Chosen by The Royal Sussex Regimental Association (text by Matthew Jones)
In 1873 a common depot was established at Chichester for the 35th and 107th Regiments of Foot, and in 1881 the two Regiments were reconstituted as the 1st and 2nd Battalions, The Royal Sussex Regiment.
This album, which forms part of the extensive and remarkable Royal Sussex Regimental Archive, contains portraits of officers taken during this very significant period in the regiment’s history.
The tortoiseshell cover is beautifully inlaid with a silver engraving of the badge of the 107th Foot and four engraved corner supports.
Inside, the pages have been annotated with the names of the officers featured in the photographs and we have added these names to our online catalogue, ‘Search Online’, which you can find at www.westsussexpast.org.uk/SearchOnline (simply type ‘rsr/ph/2/1’ into the Quick Search box).
One of the men is a ‘General Patton’ who was photographed in a studio with his dog “Fleet”. Looking through the album, there is another portrait photograph of the General with a newspaper cutting from 1894, which reads:
‘Major General Robert Patton, formerly of the 107th Foot, died on Good Friday, at Burntisland, Fifeshire, in his seventy-eight year. Entering the Army in January, 1836, he obtained his Captaincy in November, in 1853, and served conspicuously at the time of the Indian Mutiny, commanding the reserve in the Fort of Agra on July 5, 1857, being present at the action of the 10th October, serving as Brigade Major at Futtehpore Sikree in November, and throughout the actions in the Chumbal Ravines under Brigadier Bowen.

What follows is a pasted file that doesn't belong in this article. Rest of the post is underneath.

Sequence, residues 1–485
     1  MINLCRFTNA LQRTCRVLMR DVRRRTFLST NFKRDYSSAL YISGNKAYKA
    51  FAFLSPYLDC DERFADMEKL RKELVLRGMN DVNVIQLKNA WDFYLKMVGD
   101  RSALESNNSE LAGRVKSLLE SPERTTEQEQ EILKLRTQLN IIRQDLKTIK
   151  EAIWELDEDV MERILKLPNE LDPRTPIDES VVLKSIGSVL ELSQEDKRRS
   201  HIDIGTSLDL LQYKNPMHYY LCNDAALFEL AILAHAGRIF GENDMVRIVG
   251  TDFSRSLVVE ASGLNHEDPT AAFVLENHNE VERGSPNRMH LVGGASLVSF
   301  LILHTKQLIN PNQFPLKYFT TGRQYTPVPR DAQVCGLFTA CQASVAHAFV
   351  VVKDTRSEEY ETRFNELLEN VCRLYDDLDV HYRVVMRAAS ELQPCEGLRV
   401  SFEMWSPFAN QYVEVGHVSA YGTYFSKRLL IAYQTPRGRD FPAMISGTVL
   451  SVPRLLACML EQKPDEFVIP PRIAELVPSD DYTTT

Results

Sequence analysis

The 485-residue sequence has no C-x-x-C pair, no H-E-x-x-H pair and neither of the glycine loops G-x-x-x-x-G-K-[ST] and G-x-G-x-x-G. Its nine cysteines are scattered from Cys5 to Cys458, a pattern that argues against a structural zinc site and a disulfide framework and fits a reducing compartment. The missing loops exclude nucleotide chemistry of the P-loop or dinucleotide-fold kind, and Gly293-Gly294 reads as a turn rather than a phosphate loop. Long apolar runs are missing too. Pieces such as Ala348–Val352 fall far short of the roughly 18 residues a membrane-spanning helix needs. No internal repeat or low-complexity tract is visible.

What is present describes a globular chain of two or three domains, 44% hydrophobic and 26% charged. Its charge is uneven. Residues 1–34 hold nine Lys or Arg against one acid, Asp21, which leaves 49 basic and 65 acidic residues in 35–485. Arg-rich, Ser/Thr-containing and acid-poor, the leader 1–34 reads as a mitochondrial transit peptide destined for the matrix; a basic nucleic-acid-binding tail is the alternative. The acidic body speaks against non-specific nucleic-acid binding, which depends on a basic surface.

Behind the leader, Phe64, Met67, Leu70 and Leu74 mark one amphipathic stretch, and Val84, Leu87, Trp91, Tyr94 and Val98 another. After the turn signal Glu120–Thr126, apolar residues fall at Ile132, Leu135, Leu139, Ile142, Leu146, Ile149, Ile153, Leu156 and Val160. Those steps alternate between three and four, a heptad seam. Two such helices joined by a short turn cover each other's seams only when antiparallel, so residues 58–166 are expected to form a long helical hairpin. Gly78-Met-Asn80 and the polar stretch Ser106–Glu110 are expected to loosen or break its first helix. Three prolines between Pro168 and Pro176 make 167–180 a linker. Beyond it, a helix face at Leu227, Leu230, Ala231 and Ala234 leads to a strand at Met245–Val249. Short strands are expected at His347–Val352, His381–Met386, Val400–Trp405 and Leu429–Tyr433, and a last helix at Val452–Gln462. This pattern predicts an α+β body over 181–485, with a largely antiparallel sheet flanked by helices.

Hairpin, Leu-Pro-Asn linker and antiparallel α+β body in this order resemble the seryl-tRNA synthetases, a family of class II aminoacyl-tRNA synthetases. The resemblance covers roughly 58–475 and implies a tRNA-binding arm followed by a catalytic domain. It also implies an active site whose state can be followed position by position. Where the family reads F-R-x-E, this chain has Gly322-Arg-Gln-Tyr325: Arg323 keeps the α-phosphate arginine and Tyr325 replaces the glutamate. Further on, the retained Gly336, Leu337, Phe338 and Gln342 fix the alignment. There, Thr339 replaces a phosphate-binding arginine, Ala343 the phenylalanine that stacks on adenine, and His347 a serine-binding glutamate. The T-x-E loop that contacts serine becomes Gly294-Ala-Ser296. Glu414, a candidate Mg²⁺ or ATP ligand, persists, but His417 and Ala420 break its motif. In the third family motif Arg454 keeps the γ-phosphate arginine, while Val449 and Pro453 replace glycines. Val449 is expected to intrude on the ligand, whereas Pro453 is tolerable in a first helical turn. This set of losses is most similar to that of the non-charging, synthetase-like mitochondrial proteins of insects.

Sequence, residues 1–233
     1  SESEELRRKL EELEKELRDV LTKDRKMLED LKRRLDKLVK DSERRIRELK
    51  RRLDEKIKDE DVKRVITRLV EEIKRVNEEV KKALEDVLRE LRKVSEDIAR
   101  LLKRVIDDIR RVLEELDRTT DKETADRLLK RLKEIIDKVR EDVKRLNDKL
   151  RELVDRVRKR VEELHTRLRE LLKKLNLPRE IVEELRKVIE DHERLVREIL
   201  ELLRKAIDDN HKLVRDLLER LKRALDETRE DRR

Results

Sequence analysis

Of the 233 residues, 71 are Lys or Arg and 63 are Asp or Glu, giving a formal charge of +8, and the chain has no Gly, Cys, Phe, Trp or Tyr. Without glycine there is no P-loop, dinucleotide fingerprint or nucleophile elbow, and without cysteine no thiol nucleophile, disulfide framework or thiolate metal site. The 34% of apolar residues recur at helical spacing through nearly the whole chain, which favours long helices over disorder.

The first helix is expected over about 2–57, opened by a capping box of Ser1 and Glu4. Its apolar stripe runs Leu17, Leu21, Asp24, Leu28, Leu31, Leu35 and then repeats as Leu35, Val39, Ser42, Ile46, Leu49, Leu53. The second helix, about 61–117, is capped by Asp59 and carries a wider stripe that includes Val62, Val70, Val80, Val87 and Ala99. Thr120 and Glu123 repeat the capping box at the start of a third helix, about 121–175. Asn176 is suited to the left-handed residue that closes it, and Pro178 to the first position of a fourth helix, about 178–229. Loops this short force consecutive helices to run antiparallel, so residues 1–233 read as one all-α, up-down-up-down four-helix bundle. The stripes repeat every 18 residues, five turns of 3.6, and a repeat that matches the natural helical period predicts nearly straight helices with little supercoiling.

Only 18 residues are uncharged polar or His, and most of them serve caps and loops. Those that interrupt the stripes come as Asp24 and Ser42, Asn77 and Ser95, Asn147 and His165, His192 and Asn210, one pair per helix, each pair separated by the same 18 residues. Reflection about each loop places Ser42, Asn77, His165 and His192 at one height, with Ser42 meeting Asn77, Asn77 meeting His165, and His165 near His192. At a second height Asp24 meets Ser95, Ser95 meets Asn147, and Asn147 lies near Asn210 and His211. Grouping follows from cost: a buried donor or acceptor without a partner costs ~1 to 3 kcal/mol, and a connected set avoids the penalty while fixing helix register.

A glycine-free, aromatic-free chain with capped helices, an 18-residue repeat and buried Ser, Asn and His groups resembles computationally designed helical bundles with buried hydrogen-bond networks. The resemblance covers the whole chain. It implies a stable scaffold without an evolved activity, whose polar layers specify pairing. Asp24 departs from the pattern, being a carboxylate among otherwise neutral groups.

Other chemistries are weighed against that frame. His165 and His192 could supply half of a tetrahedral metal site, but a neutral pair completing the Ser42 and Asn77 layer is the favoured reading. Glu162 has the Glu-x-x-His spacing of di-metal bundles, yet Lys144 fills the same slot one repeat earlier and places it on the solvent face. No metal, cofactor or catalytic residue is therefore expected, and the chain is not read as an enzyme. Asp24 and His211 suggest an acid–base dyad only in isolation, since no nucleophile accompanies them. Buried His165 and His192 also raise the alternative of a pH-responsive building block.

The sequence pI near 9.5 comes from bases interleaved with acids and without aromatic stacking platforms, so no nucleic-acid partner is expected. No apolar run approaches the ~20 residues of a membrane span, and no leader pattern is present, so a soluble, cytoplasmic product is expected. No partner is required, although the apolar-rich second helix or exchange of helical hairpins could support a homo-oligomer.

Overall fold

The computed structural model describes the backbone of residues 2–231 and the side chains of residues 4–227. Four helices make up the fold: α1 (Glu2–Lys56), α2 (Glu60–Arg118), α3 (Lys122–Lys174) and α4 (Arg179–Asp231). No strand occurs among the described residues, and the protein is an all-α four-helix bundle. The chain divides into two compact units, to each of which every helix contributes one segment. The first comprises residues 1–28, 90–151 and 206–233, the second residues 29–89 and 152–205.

‘Upon one occasion, dressed as a native, he carried important orders twenty-one miles in an hour-and-a-half through the enemy’s lines, a feat for which he received the brevet of Major. He was repeatedly thanked in despatches, and received the Indian Mutiny medal. Major General Patton, who became Colonel in July, 1867, and Major General on the Retired List in January, 1871, married Alice, daughter of the Rev. G. Hough, but was left a widower in 1887.’
This is just one example of countless acts of bravery and dedication by the men who served in The Royal Sussex Regiment and its predecessors, from its origins in 1701 as the 35th Regiment of Foot to its amalgamation in The Queen’s Regiment in 1966.
The Regiment saw action in many of Britain’s military confrontations over the last 300 years, from the defence of Gibraltar in 1704/5 to the great conflicts of the 20th century.
And you can find out more about the history of our County Regiment, and the men who served in its ranks, at the Record Office. The Royal Sussex Regiment archive is one of the best collections of its kind in the country and is there to be explored. So if you’d like to find out more, start here